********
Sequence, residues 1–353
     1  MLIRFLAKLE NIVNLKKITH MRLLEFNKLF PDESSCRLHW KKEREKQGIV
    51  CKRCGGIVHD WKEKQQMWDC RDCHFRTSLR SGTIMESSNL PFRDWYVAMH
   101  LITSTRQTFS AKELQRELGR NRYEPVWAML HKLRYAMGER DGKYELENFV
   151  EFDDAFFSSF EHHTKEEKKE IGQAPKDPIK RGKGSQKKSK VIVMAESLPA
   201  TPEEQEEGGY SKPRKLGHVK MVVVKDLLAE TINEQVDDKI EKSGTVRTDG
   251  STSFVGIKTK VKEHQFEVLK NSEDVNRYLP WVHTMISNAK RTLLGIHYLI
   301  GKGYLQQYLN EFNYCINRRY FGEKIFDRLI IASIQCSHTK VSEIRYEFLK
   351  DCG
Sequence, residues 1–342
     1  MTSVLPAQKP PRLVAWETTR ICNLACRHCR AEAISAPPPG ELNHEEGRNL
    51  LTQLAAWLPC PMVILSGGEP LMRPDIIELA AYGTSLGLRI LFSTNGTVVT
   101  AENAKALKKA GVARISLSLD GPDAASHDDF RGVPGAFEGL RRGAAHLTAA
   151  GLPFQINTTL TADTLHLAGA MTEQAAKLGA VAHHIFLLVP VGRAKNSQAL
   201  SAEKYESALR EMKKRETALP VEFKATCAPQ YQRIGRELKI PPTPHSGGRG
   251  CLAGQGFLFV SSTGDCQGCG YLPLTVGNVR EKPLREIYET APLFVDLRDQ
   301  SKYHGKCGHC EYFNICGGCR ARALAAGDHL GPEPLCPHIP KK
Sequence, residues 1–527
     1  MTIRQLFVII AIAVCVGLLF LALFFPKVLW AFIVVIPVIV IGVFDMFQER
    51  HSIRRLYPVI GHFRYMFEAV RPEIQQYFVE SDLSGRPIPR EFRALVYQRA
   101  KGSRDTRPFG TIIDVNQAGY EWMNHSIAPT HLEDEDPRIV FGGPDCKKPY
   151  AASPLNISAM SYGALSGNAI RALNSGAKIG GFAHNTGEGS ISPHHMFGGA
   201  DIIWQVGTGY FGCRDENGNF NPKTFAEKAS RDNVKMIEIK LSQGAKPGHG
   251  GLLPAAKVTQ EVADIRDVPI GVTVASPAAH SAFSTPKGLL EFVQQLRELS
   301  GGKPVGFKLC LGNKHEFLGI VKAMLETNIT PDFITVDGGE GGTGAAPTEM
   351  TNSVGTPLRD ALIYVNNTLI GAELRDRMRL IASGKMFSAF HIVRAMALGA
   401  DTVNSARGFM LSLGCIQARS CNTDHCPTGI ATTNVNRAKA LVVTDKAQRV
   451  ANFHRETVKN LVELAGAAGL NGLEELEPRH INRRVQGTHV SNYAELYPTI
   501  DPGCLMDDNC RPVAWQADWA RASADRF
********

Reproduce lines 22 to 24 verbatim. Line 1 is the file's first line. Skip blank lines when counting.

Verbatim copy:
   151  AASPLNISAM SYGALSGNAI RALNSGAKIG GFAHNTGEGS ISPHHMFGGA
   201  DIIWQVGTGY FGCRDENGNF NPKTFAEKAS RDNVKMIEIK LSQGAKPGHG
   251  GLLPAAKVTQ EVADIRDVPI GVTVASPAAH SAFSTPKGLL EFVQQLRELS